June Ahn: Reimagining STEM Pathways through the Design of Learning Environments and Technologies @ MAGNET Town Hall, 2 Metrotech Center, 8th floor, Brooklyn, NY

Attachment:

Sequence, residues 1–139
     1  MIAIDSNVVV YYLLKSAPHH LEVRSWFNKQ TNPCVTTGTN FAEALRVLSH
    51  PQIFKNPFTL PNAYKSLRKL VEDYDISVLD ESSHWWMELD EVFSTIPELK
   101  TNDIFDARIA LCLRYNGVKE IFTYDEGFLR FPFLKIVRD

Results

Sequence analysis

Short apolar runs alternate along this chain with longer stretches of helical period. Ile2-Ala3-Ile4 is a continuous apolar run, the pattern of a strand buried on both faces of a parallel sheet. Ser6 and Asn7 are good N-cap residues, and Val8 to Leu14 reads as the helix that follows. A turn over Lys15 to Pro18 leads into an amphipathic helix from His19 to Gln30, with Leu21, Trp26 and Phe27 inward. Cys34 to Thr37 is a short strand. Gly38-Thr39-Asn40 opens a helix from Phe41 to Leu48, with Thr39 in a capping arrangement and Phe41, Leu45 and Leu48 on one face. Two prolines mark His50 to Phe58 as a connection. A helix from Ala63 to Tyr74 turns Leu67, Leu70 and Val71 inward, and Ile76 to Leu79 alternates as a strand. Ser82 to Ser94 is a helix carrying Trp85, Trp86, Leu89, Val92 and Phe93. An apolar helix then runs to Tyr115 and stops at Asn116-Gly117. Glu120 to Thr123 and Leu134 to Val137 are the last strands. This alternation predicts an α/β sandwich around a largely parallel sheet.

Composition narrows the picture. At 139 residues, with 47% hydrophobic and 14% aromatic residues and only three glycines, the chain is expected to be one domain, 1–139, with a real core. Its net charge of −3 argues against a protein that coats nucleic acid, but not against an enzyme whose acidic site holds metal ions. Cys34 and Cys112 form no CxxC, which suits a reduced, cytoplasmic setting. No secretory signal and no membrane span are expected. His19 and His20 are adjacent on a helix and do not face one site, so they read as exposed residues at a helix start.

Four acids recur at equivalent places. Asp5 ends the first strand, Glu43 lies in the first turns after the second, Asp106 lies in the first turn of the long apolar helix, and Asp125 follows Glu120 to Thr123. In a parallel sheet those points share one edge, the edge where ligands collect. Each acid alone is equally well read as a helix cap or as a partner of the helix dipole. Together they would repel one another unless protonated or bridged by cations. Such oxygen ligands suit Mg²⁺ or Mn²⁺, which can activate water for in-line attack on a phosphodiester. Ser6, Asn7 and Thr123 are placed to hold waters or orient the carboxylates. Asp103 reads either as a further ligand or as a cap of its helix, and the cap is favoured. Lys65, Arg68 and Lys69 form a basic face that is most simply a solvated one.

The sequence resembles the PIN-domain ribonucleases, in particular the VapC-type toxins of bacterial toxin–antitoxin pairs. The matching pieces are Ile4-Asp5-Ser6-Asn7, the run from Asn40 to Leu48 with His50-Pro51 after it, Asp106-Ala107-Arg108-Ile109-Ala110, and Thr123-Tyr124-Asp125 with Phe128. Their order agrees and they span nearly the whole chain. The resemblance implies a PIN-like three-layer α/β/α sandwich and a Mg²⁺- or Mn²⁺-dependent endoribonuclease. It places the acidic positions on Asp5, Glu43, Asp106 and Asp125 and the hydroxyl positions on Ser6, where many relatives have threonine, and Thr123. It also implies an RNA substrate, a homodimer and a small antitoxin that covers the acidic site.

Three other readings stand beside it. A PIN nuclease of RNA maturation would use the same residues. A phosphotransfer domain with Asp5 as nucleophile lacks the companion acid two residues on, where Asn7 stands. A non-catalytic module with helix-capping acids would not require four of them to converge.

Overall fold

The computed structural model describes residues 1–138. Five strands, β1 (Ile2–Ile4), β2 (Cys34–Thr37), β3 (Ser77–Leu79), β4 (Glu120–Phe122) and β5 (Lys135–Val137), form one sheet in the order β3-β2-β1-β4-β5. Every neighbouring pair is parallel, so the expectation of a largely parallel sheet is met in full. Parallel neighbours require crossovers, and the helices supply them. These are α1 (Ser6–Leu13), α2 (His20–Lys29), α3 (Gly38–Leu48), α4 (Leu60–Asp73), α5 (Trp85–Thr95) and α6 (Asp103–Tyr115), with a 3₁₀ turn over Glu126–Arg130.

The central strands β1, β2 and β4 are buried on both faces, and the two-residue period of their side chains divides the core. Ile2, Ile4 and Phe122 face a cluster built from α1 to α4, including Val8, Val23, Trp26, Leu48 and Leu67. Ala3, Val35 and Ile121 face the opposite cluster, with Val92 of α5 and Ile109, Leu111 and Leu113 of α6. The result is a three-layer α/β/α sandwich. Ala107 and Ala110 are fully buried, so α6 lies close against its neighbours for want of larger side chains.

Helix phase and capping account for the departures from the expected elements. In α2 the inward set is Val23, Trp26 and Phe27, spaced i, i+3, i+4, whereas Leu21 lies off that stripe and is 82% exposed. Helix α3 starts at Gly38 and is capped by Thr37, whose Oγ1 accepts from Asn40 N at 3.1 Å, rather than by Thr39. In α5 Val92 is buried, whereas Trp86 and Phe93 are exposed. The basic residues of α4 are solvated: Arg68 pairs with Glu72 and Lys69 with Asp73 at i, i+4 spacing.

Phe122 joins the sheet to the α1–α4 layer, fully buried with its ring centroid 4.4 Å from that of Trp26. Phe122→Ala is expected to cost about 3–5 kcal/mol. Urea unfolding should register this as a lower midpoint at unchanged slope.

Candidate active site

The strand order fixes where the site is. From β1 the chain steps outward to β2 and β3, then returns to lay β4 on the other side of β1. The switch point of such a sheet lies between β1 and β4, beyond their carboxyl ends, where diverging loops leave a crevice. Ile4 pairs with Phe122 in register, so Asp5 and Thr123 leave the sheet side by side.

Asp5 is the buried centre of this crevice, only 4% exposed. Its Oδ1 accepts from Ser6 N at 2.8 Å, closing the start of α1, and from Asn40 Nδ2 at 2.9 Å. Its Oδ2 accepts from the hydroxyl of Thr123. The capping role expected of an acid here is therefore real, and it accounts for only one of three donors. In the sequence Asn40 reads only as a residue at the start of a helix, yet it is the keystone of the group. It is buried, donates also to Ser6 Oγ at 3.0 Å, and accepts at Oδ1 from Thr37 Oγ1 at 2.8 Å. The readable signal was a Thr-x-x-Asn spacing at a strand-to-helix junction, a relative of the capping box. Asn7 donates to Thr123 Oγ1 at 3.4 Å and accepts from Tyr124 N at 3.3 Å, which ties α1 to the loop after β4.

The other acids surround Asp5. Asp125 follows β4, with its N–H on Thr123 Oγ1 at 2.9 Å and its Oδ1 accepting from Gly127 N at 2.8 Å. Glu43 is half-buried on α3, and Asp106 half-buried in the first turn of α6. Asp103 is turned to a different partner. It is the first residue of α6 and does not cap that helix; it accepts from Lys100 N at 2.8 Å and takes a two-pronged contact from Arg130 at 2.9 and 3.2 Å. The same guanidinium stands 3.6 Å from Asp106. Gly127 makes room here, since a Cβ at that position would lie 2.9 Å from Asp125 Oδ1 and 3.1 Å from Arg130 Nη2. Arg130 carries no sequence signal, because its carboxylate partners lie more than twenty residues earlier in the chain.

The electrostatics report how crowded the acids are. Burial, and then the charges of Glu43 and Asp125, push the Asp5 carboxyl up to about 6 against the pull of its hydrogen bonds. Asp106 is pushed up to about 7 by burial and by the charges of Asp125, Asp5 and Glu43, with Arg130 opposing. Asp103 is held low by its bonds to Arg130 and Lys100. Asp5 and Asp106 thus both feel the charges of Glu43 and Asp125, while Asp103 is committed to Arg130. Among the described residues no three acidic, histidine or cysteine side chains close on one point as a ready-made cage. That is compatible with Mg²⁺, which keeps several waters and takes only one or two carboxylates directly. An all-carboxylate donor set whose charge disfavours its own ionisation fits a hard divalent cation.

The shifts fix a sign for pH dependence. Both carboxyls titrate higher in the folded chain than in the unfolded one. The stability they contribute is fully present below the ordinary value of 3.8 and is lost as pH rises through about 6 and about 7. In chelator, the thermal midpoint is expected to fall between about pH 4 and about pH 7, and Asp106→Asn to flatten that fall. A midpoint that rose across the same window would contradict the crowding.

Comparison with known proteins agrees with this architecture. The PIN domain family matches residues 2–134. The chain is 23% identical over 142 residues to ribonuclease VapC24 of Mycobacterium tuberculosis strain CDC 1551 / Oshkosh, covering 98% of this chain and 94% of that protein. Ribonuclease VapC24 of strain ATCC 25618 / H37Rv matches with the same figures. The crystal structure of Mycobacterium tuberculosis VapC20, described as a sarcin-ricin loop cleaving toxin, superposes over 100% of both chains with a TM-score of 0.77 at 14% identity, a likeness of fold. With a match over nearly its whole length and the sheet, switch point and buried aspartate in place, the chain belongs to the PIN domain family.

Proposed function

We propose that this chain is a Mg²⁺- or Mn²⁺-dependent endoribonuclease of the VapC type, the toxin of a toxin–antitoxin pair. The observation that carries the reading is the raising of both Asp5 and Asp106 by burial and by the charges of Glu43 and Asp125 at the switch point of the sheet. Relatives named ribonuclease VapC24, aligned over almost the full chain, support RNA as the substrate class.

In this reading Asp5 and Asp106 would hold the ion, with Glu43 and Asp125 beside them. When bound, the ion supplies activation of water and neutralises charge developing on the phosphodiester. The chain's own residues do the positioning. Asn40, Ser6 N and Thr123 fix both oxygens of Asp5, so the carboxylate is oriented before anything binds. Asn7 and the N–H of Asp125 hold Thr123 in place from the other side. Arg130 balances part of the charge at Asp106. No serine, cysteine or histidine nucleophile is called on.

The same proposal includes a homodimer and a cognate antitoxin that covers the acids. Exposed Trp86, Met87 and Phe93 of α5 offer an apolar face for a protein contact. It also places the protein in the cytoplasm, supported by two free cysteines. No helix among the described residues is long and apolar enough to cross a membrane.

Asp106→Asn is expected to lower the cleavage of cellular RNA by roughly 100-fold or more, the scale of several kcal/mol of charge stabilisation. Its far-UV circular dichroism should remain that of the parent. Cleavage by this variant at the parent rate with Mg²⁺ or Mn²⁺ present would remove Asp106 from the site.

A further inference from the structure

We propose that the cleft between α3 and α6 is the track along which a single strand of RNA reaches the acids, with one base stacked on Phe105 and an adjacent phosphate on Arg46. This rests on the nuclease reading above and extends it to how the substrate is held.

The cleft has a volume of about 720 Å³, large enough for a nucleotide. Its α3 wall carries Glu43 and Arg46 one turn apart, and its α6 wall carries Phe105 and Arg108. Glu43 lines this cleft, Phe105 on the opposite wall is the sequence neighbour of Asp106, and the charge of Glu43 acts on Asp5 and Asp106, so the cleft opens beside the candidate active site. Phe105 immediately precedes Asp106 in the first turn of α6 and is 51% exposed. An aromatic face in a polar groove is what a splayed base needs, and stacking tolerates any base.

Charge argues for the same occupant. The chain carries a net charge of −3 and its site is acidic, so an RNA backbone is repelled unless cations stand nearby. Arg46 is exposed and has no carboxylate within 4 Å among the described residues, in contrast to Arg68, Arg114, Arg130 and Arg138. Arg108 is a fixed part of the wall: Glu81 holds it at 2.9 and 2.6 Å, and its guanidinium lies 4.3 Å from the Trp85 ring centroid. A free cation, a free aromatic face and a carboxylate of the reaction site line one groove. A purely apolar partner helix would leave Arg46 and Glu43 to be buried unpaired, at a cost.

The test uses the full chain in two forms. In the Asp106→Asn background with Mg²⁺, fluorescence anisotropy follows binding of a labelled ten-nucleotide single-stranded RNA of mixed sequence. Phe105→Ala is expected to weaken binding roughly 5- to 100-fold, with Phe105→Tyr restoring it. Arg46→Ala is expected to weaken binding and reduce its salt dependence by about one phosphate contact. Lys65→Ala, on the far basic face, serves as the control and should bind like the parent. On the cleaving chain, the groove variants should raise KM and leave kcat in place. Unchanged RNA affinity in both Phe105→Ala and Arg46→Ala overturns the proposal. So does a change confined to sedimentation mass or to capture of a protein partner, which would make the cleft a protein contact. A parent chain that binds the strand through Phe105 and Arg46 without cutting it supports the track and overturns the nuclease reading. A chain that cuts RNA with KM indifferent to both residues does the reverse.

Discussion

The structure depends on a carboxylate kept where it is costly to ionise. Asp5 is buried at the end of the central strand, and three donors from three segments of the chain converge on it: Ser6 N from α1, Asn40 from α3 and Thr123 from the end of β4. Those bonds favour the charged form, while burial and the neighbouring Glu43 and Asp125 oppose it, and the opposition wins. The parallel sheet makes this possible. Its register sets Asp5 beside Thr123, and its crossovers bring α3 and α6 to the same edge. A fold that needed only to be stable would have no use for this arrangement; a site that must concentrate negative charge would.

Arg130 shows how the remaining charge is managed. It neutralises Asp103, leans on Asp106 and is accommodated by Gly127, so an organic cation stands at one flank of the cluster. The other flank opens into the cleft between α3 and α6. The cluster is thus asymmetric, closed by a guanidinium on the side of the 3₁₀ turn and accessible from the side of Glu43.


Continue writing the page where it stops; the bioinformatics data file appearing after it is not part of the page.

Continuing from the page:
11/20/2014 1:30 pm – 11/20/2014 3:00 pm Reimagining STEM Pathways through the Design of Learning Environments and Technologies June Ahn, University of Maryland An enduring challenge in the United States is achieving equitable representation of underserved populations in STEM fields. We typically address this challenge to improve the STEM pipeline by changing standards, curriculum, and pushing students through formal milestones (e.g. graduating high school, taking advanced mathematics courses, getting to college, majoring in STEM etc.). In this talk, I will argue that the learning outcomes that are often stressed in these settings – content knowledge and skills – explain only a small portion of why someone ultimately pursues STEM in their lives or career. Research in the learning sciences and new media studies suggest that different learning environments and uses of technology (e.g. social media, games, online communities etc.) influence factors such as one’s identity, interests, and literacy skills. How do these factors interact over time in one’s life, and influence a learners’ pathways in STEM learning? I will present several of my design-based research projects at the University of Maryland where we are designing new technologies, learning programs, and sociotechnical systems to probe this question and build deeper insights about how to connect STEM learning across formal and informal settings. These projects include the design of social media apps for children, after school programs using science fiction and new media production, and large-scale peer to peer learning through online communities and alternate reality games. June Ahn is an Assistant Professor at the University of Maryland, College Park. He holds a joint appointment in the College of Information Studies and College of Education. His research interests include (1) using design-based research to understand how technology and new media can be used to help young people develop learning pathways in STEM and (2) studies that explore the sociotechnical configurations that arise as educators and education systems adopt new technologies, and its relationship to learner outcomes. His past and current projects include the design of an after-school program that leverages science fiction and new media in efforts to help adolescents identify with STEM, studies of peer-to-peer learning at P2PU, the design of social media tools for children’s scientific inquiry, and development of alternate reality games (and analytics of gameplay) to promote informal science learning. These projects have been funded by the National Science Foundation in the Cyberlearning and Advancing Informal STEM Learning directorates. More information can be found at: http://ahnjune.com/